• Second, just as Clinton coopted and made political hay with originally-Republican domestic themes like welfare reform, I have some modest hopes that some Democrats may get on board with at least parts of Dubya's genuinely revolutionary "ownership society" initiatives.  Social Security may still be the third rail.  But there is vast potential for reform of, and controlling costs in, our bloated and incentive-confused health care system.  Ownership stakes in the medical decisions and consequences can introduce market rationality and cost-effectiveness considerations that are completely missing now; and if excessive tests and procedures are to be curtailed through consumer economic choices, there must be tort law reforms that reapportion responsibility between patients and their potential malpractice targets.  A Democrat willing to embrace individual choice, personal responsibility, and market capitalism ought to be able to find common ground with Republicans here — and those ought not be disqualifying themes for neo-New Democrats to run on in two or four years.  Immigration reform is another area in which there could conceivably be room for creative bipartisanship.  Radical tax simplification and reform?  Goliath lurks there; but damn, he needs to be slain, and the same Dubya who took the outrageous political risk of invading Iraq may indeed have the courage to take him on.  If so, there's risk and glory enough for ambitious Dems to share, if they will.


There will be some bipartisanship if there's a second Bush term.  On some issues, Bush will be able to continue to peel off enough "conservative Democrats" to fashion filibuster-proof majorities.  But whether there will be genuinely broad bipartisan coalitions after a Kerry loss depends, frankly, more on what the Democratic Party's leaders do to reform their party, and/or whether new leaders step forward,  than on anything Dubya can do.

There will likewise be some bipartisan agreement if Kerry wins, if Kerry's not just paying lip service about fighting the Global War on Terror.  But such agreements are likely to be few and far between.  And they'd require a President Kerry to stand firm against the Michael Moore wing of his party.  Color me skeptical; in fact, photoshop me and ramp up the color saturation until your monitor resembles a steel furnace at full blast.


Update (Sun Oct 24 @ 1:20pm):  The Austin American-Statesman — hometown paper for what many of us UT alums fondly refer to as "Sodom on the Colorado" or "Berkeley East," and unquestionably the basion of Texas liberalism and populism — has also endorsed Dubya.  Amazing first three and last two paragraphs:

A country so deeply divided over such an array of issues should pause a moment and take a serious, sober look around.

Americans should ask themselves whether they really believe that European nations critical of the war effort will intervene in Iraq if Sen. John F. Kerry is elected president. They won't.

Further, we should ask whether they really believe that anything less than a fundamental change in the way Social Security, Medicare and Medicaid programs are funded is adequate to meet future demands....

This president is not a conservative in either foreign or fiscal policy. In some ways, he is radically changing the course of government — and that might be just what we need to face foreign threats and a rapidly changing global economy. We certainly hope so.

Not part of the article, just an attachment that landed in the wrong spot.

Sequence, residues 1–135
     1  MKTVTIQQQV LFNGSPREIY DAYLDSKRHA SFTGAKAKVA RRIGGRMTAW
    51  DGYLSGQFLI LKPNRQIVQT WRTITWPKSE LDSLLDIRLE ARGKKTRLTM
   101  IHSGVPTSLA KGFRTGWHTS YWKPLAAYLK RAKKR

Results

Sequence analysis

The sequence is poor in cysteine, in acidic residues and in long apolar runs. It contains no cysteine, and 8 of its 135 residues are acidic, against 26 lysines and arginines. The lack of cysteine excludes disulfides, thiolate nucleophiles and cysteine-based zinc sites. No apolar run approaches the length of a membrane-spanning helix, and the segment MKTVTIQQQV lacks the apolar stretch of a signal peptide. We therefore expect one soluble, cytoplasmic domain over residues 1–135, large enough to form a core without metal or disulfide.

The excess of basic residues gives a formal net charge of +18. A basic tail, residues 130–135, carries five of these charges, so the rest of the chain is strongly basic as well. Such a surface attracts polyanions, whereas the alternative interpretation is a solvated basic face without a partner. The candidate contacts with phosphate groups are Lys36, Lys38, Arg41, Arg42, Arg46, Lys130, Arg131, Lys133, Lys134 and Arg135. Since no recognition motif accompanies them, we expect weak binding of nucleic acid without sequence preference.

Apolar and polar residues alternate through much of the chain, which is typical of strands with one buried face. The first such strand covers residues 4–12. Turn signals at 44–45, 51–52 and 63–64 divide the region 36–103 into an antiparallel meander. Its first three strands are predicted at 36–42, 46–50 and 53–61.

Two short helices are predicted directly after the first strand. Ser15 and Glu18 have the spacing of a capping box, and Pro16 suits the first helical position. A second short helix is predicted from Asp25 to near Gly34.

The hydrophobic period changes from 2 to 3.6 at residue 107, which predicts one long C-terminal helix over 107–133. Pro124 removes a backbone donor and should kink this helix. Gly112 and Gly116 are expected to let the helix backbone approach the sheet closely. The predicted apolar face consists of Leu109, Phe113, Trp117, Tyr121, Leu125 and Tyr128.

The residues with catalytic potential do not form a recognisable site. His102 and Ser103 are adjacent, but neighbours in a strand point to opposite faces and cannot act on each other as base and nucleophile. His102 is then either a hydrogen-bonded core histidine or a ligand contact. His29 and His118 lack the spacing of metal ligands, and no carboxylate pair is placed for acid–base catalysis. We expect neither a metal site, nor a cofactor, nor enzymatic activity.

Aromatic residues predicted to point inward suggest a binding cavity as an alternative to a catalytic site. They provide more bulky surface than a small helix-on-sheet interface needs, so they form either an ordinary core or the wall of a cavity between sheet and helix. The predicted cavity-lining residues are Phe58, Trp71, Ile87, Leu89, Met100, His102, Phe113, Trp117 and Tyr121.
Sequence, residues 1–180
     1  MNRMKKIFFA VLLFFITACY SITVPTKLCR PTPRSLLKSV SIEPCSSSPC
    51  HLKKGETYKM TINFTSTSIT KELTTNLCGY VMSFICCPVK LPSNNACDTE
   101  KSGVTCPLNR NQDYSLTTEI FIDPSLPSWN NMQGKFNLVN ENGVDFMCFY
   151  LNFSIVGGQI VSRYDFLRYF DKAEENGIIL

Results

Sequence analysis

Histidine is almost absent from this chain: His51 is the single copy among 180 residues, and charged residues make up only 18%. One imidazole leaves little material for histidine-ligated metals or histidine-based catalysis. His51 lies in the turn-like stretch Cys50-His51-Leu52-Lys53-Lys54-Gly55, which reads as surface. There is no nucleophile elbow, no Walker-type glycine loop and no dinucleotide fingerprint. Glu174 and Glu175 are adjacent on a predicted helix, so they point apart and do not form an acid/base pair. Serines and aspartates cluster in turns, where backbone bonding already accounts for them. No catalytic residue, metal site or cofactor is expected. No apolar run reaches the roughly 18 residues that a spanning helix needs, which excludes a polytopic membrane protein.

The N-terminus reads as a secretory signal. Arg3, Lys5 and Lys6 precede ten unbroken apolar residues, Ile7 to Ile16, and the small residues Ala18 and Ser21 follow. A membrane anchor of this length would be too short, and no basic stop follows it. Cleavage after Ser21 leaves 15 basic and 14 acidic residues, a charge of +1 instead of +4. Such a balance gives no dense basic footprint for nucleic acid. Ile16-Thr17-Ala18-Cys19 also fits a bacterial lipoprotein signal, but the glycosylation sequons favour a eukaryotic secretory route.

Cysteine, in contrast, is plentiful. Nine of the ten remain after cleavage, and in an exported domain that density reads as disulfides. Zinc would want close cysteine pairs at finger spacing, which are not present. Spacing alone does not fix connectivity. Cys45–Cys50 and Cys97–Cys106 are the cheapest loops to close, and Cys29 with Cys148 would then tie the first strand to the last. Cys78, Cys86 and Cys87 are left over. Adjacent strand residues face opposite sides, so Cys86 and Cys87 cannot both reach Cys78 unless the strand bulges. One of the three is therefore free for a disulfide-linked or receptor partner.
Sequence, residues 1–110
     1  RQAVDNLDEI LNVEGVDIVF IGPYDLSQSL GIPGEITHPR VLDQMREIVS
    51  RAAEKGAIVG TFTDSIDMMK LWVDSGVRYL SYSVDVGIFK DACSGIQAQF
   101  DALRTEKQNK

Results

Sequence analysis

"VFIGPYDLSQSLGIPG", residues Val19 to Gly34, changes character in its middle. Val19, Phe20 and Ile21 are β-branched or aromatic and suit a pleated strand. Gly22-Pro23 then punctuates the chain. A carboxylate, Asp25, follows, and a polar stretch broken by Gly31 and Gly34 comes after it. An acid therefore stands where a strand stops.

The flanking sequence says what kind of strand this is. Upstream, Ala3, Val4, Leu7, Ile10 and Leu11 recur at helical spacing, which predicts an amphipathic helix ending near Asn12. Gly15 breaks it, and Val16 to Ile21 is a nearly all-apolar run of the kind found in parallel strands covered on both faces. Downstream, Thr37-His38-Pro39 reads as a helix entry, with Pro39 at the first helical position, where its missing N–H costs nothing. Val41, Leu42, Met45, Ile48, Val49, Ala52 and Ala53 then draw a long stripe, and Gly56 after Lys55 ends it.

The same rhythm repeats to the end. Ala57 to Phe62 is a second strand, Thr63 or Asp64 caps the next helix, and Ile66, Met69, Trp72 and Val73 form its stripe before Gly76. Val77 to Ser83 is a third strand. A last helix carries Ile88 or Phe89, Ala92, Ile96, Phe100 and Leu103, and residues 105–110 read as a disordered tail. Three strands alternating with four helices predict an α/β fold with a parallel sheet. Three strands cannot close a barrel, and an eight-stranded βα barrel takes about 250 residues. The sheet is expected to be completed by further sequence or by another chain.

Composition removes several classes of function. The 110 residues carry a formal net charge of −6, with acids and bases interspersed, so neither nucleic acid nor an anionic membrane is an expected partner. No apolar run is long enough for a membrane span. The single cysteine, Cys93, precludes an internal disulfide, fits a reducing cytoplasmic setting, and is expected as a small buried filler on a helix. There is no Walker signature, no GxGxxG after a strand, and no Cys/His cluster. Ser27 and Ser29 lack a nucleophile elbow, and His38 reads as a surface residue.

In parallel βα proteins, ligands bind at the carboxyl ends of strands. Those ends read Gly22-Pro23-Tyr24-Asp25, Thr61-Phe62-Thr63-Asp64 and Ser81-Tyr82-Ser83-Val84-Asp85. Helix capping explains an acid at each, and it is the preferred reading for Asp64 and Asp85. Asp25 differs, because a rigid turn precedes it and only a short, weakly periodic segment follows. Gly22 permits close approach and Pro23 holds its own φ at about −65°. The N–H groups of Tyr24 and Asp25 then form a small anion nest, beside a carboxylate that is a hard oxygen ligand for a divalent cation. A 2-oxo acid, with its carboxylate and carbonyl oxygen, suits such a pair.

We do not make this endorsement lightly or without reservation, and we ask that the president return our faith by acknowledging his failures and acting to correct them.

Knock me over with a feather!

Posted by Beldar at 03:35 AM in Books, Politics (2006 & earlier) | Permalink


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» Sylvester prediction comes to pass at the Chronicle from blogHOUSTON

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(1) Calliope made the following comment | Oct 24, 2004 7:01:01 AM | Permalink

Wow I'm stunned. I fully expected the Chronicle to endorse Kerry.

Would the Chronicle now be the largest paper in the country to endorse Bush? I think it might be.

In any case, for Bush to be more of a uniter he'll have to have some cooperation from the Dems. I well remember Bush re-appointing Clinton judges, shopping for Dems for his cabinet, working with Kennedy on the education reform, and he gets zero credit for it.

The hate is in the Dem party, not the Pubs. If there is going to be a more bipartisan tone in DC it will have to start with the Dems.

I really am hoping that after the election the Dems do some serious soul searching. I am one that believes we need 2 viable parties in this country to create the competitive environment that leads to effective government. I must admit though I see no sign the Dems are going to be ready to re-examine their behavior after their pending loss on Nov 2. Instead, I am beginning to think we are going to be faced with 4 more years of hate, spew, distort, obstruct.

But maybe if Bush wins in a landslide and the Dems lose 5 Senate seats they'll be forced to think.

(2) DRJ made the following comment | Oct 24, 2004 7:13:50 AM | Permalink

We can hope that bipartisanship will emerge in the next 4 years, but I doubt it. If President Bush wins re-election, Democrats will not accept Kerry's loss and will not permit the Democratic leaders to change course. If President Bush loses, Republicans will feel the same way. Neither party can expect people to be bipartisan and accept an election loss when the candidates offer such different goals for America's future and promote this election as a defining moment in American history.

There was a time when America's politicians could work together even when Americans were at odds. I know there are politicians who want to work together, but there are many who do not. The only way I see any chance of bipartisanship is if there is a landslide for either candidate. Even then, the losing party may be unwilling to accept defeat, a byproduct of the Bush/Gore 2000 election debacle. And no matter what, I think partisanship in judicial nominations is here to stay.

(3) Dave Schuler made the following comment | Oct 24, 2004 8:04:36 AM | Permalink

Would the Chronicle now be the largest paper in the country to endorse Bush? I think it might be.

How about The Chicago Tribune, as I pointed out here?

(4) Calliope made the following comment | Oct 24, 2004 8:44:17 AM | Permalink